Father embarks on new mission

Shori to lead diocese’s reconfiguration plan




Today, the Rev. Nicholas Shori ends and begins chapters in his vocation.

At a picnic today, he says goodbye as pastor of St. Paul the Apostle Church in New Middletown, where he spent the last 17 years. His new assignment, as director of the Parish Implementation Plan in the Diocese of Youngstown, is effective today.

As dean of the Mahoning County South Deanery, he was involved in the Diocesan Reconfiguration Plan. That pastoral planning process was led by Monsignor John Zuraw, former vicar of administration and now pastor of St. Rose Church in Girard. The process began in the fall of 2008; Bishop George V. Murry released the plan at a news conference May 28.

Father Shori said he knew he was on the “short list” of clergy being considered to lead the plan. He said priests’ assignments of today are a process of being interested in a position, applying for it and discussing it with the bishop.

“For me, it seemed like all the ducks were in a row. ... I like this kind of work ... and the challenge,” he said.

Father Shori admitted he was sad to leave St. Paul, where “the liturgy is vibrant, spirituality is a high priority, and the grounds are striking.”

He said he “has a lot of irons in the fire,” but he likes the challenge and diversity.

Father Shori is Springfield Township police chaplain, teaches diversity and medical ethics at Mercy College at St. Elizabeth Health Center, is involved in prison ministry at the Ohio State Penitentiary and is taking on the role of director of Continuing Education of Priests.

Father Shori, ordained in 1974, also was as assistant pastor at St. Luke Church in Boardman, pastor at St. Robert Church in Cortland, a faculty member at Cardinal Mooney High School and the chaplain and director of the pastoral-care department at St. Elizabeth’s.

Father Shori will implement the Diocesan Strategic Plan for Parishes and will work with pastors, parish staffs and councils. He will be involved in the preparation of all canonical decrees and documents and all civil documents for mergers and collaborative units.

What does that mean? Father Shori must be well-versed in church law. This comes into play when mergers of churches take place.

“You can’t eliminate the name of a church that exists,” he said. “It’s a technical thing. A church was dedicated under that name, and it is protected by canon law.”

The new parish may take a new name, for example, All Saints, but the building retains its previous name.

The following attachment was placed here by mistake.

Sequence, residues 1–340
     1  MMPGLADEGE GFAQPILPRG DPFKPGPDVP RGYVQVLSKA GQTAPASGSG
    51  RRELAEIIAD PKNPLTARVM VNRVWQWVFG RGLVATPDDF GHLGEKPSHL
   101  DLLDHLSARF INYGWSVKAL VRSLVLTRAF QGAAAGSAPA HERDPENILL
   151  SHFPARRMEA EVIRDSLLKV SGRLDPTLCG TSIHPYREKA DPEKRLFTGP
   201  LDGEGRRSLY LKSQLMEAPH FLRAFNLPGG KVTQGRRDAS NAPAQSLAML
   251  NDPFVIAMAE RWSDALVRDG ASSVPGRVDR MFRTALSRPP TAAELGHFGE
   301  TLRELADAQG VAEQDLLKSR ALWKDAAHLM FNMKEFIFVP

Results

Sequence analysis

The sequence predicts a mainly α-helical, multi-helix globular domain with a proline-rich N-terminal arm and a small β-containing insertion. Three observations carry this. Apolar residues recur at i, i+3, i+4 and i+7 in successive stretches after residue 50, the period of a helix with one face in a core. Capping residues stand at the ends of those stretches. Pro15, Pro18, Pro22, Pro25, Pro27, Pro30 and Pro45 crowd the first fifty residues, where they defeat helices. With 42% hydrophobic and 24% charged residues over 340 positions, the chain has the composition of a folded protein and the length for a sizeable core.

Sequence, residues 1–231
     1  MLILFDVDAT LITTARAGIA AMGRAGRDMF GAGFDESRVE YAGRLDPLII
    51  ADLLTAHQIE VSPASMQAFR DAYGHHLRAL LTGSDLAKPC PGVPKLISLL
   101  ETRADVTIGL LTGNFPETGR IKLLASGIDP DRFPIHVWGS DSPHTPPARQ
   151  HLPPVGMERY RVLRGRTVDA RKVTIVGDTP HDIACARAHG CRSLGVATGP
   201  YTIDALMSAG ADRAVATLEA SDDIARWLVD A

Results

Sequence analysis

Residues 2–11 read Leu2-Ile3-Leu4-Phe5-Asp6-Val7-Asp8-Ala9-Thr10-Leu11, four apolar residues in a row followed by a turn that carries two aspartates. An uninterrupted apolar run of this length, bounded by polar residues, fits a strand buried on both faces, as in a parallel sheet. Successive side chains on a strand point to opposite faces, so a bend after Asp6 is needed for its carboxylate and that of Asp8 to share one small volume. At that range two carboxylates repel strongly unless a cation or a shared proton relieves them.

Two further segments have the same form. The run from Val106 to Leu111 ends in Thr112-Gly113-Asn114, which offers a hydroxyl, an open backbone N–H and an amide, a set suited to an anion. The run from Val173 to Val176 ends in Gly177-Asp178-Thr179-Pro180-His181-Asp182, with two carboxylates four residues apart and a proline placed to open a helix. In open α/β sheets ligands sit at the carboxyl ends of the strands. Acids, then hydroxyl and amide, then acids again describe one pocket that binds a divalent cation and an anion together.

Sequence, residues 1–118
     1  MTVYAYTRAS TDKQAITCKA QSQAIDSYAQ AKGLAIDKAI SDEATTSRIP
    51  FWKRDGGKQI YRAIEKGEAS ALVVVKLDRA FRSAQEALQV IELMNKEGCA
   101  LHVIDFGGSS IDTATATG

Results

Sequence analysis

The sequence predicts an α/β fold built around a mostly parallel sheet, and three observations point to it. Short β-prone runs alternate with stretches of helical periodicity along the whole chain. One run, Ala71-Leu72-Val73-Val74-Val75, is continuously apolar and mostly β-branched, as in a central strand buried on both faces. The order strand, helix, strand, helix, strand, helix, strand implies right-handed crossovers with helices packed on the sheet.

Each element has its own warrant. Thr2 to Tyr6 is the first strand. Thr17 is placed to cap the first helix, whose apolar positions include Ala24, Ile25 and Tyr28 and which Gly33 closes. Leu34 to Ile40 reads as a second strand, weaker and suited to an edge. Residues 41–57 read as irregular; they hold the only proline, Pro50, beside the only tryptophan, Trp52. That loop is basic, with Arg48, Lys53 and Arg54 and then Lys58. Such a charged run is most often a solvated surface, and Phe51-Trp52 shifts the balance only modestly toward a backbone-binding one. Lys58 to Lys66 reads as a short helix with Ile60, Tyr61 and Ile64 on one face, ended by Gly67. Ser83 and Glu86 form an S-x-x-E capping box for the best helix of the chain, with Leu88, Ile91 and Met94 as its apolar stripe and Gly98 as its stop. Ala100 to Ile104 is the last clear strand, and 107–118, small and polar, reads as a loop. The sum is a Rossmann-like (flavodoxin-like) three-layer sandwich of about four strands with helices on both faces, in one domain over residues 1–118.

Father Shori said there is a two-year time frame for the plan. But, he noted, the process already has begun for some.

For example, in the Trumbull Deanery, St. Bernadette in Masury and St. Vincent de Paul in Vienna are slated to merge; neither church is large enough to accommodate the combined congregation, so there is discussion about building a new church. Father Shori also noted that some collaborations are already in effect and working.

“This isn’t an end but a new beginning,” Father Shori said of the church mergers. “We’re recreating a structure and identity ... and this is a challenge to the people.”

How quickly the process of mergers and collaborations moves also hinges on priests’ assignments. That is in a state of flux.

Father Shori said his leaving opens up St. Paul the Apostle. And the Rev. Donald King, formerly of Blessed Sacrament in Warren, was recently named pastor at St. Michael the Archangel in Canton, so his former position is open. Who applies where, leaving an opening elsewhere, all plays into which mergers and collaborations will move forward sooner.

What will happen to closed church buildings and religious articles concerns the laity, many of whose families have belonged for generations, and the diocese at large.

Father Shori said buildings will be evaluated by qualified people in terms of their condition and operating costs. This is where good stewardship of resources applies, he said. But, he noted, the diocese wants to be creative and practical in the use of church buildings.

“Some may be turned into museums, cultural centers for ethnic groups, charitable outreaches or sold to a congregation of another denomination,” he said.

Father Shori acknowledged that he “doesn’t have all the answers.”

He said he wants the plan for parishes “to create a strong Catholic presence in the counties ... that will work toward the common good of the community, diocese, laity and priests.”

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